txt". } dfs(Q[leaf][2]). j++) { cost[i][j] = MAX. &ch). stdin). p).APPENDIX B COMMON CODES/ROUTINES FOR PROGRAMMING 221 nr = r + R[i]. i<m. else if(ch=='s') . else printf(" "). getchar(). i<=m. } } void dfs(int leaf) { if(Q[leaf][2]==-1) { res[Q[leaf][0]][Q[leaf][1]] = 1. "r".') mat[i][j] = 1. res[Q[leaf][0]][Q[leaf][1]] = 1. char ch. if(mat[nr][nc]==1) { if(cost[nr][nc]>cost[r][c]+1) cost[nr][nc]=cost[r][c]+1. j<=n. nc = c + C[i]. for(i=0. j++) { if(res[i][j]) printf("X"). } } } while (rear!=front). nc. leaf = p. else if(ch=='. i++) { for(int j=0. scanf("%d%d". } printf("\n"). nQ(nr. } void main() { clrscr(). } void show() { for(int i=0. return. j<n. &m. freopen("maze. i++) { for(j=0. scanf("%c". if(ch=='#') mat[i][j] = 0. &n).

sc = j. -1).APPENDIX B COMMON CODES/ROUTINES FOR PROGRAMMING 222 mat[i][j] = 2. finalSum=MAX. c. dfs(leaf). j<N. front = -1. } Q[rear][2] = p. int s) { Q[++rear][0] = r. res[i][j] = 1. nc. show(). int c. i++) for(int j=0. p.h> #include<values.h> #include<conio. int *s) { *r = Q[++front][0]. int *p. Q[rear][1] = c. int m. . int p. *p = front.h> #define N 100 #define MAX MAXINT int mat[N][N]. rear = -1. sr = i. *s = Q[front][3]. i. else } getchar(). leaf. int *c. *c = Q[front][1]. M[N][N]. nr. Q[rear][3] = s. r. } bfs(sr. i<N. Q[N][4]. mat[i][j] = 3. mat[i][j] = 0. } MinSum (DFS/QUEUE) Input : 5 3 6 5 8 3 6 4 1 9 4 7 1 8 3 1 2 2 2 9 3 1 8 7 9 2 2 6 4 5 6 3 Code #include<stdio. j++) M[i][j] = MAX. n. void init() { for(int i=0. s. } void nQ(int r.} void dQ(int *r. sc.

APPENDIX B

COMMON CODES/ROUTINES FOR PROGRAMMING

223

void bfs() { for(r=0, c=0; r<m; r++) nQ(r, c, -1, mat[r][c]); do { dQ(&r, &c, &p, &s); if(c<n-1) for(i=-1; i<2; i++) { nr=(m+r+i)%m, nc=c+1; if(M[nr][nc] > s+mat[nr][nc]) nQ(nr, nc, p, s+mat[nr][nc]), M[nr][nc] = s+mat[nr][nc]; } else if(s<finalSum) finalSum = s, leaf = p; } while(rear!=front); } void dfs(int leaf) { if(Q[leaf][2]==-1) { printf(" <%d, %d>", Q[leaf][0]+1, Q[leaf][1]+1); return; } dfs(Q[leaf][2]); printf(" <%d, %d>", Q[leaf][0]+1, Q[leaf][1]+1); } void main() { clrscr(); int i, j, t; init(); freopen("in.txt", "r", stdin); scanf("%d%d", &m, &n); for(i=0; i<m; i++) for(j=0; j<n; j++) { scanf("%d", &t); mat[i][j] = t; } bfs(); printf("Final sum: %d\nPath:", finalSum); dfs(leaf); }

APPENDIX B

COMMON CODES/ROUTINES FOR PROGRAMMING

224

Floyed Warshal

Input
5 1 1 1 2 2 3 4 0 7 2 3 5 5 4 2 5 0 4 1 6 3 1 1 1

Code :
#include<stdio.h> #include<values.h> #define N 100 #define INF MAXINT int mat[N][N], path[N][N], n, e; void initMat() { for(int i=1; i<=n; i++) for(int j=1; j<=n; j++) mat[i][j] = INF; } void initPath() { for(int i=1; i<=n; i++) for(int j=1; j<=n; j++) if(mat[i][j]!=INF) path[i][j] = j; else path[i][j] = 0; } void floyd_warshall() { for(int k=1; k<=n; k++) for(int i=1; i<=n; i++) for(int j=1; j<=n; j++) if(mat[i][k]!=INF && mat[k][j]!=INF) if(mat[i][k]+mat[k][j] < mat[i][j]) mat[i][j] = mat[i][k] + mat[k][j], path[i][j] = path[i][k];

APPENDIX B

COMMON CODES/ROUTINES FOR PROGRAMMING

225

} void showPath(int i, int j) { if(i==j) { printf("->%d", i); return; } printf("->%d", i); showPath(path[i][j], j); } void main() { while(scanf("%d%d", &n, &e) && n && e) { initMat(); for(int i, j, c, k=0; k<e; k++) { scanf("%d%d%d", &i, &j, &c); mat[i][j] = c; } initPath(); floyd_warshall(); for(i=1; i<=n; i++) { for(j=1; j<=n; j++) if(path[i][j]) { printf("%d", i); showPath(path[i][j], j); printf("\n"); } printf("\n"); } } }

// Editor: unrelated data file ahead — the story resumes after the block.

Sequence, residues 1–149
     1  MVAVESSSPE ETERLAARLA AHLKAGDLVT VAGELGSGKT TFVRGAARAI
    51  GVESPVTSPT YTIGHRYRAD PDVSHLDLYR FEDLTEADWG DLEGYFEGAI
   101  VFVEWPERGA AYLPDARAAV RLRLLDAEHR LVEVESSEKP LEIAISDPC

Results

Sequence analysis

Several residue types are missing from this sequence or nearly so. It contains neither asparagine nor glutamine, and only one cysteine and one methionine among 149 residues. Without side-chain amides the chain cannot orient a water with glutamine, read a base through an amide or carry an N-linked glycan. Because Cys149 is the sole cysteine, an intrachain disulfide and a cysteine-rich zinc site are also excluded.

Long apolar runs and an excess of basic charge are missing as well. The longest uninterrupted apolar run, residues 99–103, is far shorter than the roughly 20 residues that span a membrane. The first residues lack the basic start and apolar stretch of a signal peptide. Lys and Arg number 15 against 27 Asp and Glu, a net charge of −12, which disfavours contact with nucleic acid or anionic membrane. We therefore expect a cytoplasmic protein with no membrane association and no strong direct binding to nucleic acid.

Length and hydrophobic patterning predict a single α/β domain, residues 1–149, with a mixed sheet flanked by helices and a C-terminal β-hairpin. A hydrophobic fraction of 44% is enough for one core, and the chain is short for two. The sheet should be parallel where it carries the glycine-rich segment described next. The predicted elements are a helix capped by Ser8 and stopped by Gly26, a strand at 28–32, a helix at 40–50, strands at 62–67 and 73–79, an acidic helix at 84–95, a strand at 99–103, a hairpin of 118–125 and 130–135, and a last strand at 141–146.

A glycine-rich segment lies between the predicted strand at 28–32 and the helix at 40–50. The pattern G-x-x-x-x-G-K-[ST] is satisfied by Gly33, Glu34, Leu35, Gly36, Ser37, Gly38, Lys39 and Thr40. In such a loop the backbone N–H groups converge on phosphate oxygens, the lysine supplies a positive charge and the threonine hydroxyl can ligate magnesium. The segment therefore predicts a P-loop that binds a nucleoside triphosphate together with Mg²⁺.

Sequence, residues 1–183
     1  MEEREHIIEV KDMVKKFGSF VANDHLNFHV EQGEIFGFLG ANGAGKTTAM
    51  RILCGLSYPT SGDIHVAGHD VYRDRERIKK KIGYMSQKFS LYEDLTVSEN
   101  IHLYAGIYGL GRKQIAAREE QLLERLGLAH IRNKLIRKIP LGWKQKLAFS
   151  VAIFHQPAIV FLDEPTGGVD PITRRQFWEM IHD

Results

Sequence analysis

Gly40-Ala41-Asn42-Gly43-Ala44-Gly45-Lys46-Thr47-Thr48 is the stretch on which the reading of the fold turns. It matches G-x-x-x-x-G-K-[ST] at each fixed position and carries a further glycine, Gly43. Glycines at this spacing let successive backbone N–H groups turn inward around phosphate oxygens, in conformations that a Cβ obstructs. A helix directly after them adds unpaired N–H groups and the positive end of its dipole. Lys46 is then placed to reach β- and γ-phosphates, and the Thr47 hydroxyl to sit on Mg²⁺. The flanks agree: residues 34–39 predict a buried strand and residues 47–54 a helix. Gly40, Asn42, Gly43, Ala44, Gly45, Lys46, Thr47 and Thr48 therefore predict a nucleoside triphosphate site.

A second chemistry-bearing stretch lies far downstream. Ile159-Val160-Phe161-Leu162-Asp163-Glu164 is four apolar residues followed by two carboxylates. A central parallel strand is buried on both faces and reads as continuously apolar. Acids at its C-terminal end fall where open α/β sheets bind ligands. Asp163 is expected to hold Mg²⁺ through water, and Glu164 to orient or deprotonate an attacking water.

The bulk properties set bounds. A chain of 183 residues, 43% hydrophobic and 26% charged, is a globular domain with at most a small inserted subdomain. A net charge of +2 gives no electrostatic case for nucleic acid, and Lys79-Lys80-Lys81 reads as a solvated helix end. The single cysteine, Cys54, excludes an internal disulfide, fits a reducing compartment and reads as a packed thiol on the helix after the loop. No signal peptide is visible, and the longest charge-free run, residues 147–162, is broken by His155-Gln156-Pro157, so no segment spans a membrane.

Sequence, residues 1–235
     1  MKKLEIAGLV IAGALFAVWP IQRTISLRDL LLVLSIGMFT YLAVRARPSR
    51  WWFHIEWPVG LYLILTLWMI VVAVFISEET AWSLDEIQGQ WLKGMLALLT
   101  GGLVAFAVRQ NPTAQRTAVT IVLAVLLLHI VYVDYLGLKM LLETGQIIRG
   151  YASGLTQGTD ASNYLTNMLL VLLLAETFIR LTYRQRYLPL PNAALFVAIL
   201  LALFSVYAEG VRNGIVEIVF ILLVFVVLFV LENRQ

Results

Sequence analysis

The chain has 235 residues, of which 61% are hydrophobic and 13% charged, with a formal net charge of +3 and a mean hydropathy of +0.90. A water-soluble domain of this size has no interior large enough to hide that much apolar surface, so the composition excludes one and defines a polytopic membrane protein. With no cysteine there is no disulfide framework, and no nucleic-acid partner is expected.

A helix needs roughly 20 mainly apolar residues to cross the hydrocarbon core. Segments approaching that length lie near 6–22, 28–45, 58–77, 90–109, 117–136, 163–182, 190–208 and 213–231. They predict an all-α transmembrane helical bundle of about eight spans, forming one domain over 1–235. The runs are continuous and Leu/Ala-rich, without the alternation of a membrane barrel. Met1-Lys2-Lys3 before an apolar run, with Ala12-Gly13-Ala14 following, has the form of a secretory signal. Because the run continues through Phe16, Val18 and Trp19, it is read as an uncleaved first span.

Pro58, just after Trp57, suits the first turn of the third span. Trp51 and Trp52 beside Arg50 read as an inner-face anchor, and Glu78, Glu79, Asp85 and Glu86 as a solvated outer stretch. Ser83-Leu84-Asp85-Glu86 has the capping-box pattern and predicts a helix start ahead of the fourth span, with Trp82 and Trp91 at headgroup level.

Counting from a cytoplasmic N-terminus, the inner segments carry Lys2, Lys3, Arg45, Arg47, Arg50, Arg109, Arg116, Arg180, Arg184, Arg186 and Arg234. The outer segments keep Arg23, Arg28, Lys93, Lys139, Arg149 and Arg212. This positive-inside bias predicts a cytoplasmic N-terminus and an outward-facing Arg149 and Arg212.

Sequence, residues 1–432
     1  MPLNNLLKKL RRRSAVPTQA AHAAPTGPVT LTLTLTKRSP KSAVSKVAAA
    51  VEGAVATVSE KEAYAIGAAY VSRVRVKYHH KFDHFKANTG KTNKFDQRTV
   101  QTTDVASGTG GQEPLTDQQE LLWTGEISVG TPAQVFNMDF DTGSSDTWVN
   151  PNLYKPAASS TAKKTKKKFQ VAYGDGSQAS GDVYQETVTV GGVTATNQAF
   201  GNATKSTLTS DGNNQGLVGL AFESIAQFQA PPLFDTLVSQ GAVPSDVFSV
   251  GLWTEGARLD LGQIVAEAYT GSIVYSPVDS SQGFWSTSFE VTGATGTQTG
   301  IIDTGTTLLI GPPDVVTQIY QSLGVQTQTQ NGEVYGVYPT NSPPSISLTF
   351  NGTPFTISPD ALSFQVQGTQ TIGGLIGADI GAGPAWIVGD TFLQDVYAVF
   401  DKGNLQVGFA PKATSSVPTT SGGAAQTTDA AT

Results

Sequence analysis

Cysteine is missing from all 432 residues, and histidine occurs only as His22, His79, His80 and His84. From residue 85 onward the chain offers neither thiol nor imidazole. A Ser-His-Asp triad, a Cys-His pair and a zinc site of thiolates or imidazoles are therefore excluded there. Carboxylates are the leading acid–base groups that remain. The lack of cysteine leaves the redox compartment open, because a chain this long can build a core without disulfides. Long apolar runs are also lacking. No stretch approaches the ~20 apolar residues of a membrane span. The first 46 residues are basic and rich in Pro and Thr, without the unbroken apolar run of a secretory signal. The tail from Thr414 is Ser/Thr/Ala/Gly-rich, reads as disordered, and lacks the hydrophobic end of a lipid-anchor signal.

Graph Coloring
#include<stdio.h> int a[20][20],x[20],n,m; void next(int k) { int j; while(1)

APPENDIX B

COMMON CODES/ROUTINES FOR PROGRAMMING

226

{ x[k]=(x[k]+1)%(m+1); if(x[k]==0) return; for(j=1;j<=n;j++) if(a[k][j]!=0&&x[k]==x[j]) break; if(j==n+1) return; } } void mcolor(int k) { int j; while(1) { next(k); if(x[k]==0) return; if(k==n) { printf(" "); for(j=1;j<=n;j++) printf("%2d",x[j]); } else mcolor(k+1); } } void main() { int i,u,v; printf("\n\n Enter how many colors : "); scanf("%d",&m); printf("\n\n Enter how many nodes(0<n<20) :"); scanf("%d",&n); printf("\n\n Enter your edges(ex- u sp v)(press 'e' for end) : \n"); for(i=1;i<=(n*n)/2;i++) { if(getchar()=='e') break; scanf("%d%d",&u,&v); a[u][v]=a[v][u]=1; }mcolor(1); printf("\n\n");}

Cycle Detection (Hamiltonian)
#include<stdio.h> int a[20][20],x[20],n; void next(int k) { int j;

scanf("%d". printf("\n\n").v. if((a[x[k-1]][x[k]])!=0) { for(j=1.j<=n. for(i=1. } } void main() { int i. if(k==n) { printf(" "). if(x[k]==0) return. printf("\n\n Enter how many nodes(0<n<20) :").u sp v)(press 'e' for end) : \n"). } . } } } void hamilt(int k) { int j. if(x[k]==0) return. scanf("%d%d". if(j==k) if((k<n)||(k==n&&a[x[n]][x[1]]!=0)) return.i++) { if(getchar()=='e') break.APPENDIX B COMMON CODES/ROUTINES FOR PROGRAMMING 227 while(1) { x[k]=(x[k]+1)%(n+1).j++) if(x[k]==x[j]) break. while(1) { next(k).u. x[1]=1. for(j=1.j++) printf("%2d". } else hamilt(k+1).&u. a[u][v]=a[v][u]=1.x[j]).&v). } hamilt(2).j<=k-1. printf("\n\n Enter your edges(ex.&n).i<=(n*n)/2.

u. for(i=1.n.j=1.f=0. scanf("%d".i<=(n*n)/2.k.j++) a[i][j]=0.l[11].j. } void main() { int i. } if(f) at[s++]=u.&n). } .num=1. l[u]=num.b[11][11]. d[u]=num.s=1.i++) { k=1.u sp v)(press 'e' for end) : ").w. k++.u). for(i=1.v. num++. printf("\n\n Enter your edges(ex. a[u][v]=a[v][u]=1.i<=n.i++) { if(getchar()=='e') break.at[11]. for(j=1. } else if(w!=v) l[u]=(l[u]<d[w])?l[u]:d[w].int v) { int i. if(d[u]<=l[w]) f=1.j<=n.&v).i<11.APPENDIX B COMMON CODES/ROUTINES FOR PROGRAMMING 228 Finding Articulation Point #include<stdio. for(i=1. scanf("%d%d".i++) { w=b[u][i]. void art(int u.&u. } for(i=1. l[u]=(l[u]<l[w])?l[u]:l[w]. printf("\n\n Enter how many nodes(0<n<11) :").j<11.i++) for(j=1.j++) if(a[i][j]) { b[i][k]=j.a[11][11].b[u][i]!=0.f=0. if(d[w]==0) { art(w.h> int d[11].